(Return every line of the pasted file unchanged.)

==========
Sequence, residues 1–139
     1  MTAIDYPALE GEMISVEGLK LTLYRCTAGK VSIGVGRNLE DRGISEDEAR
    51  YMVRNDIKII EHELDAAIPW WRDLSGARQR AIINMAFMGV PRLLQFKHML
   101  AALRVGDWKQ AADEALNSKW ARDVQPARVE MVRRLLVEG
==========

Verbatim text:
Sequence, residues 1–139
     1  MTAIDYPALE GEMISVEGLK LTLYRCTAGK VSIGVGRNLE DRGISEDEAR
    51  YMVRNDIKII EHELDAAIPW WRDLSGARQR AIINMAFMGV PRLLQFKHML
   101  AALRVGDWKQ AADEALNSKW ARDVQPARVE MVRRLLVEG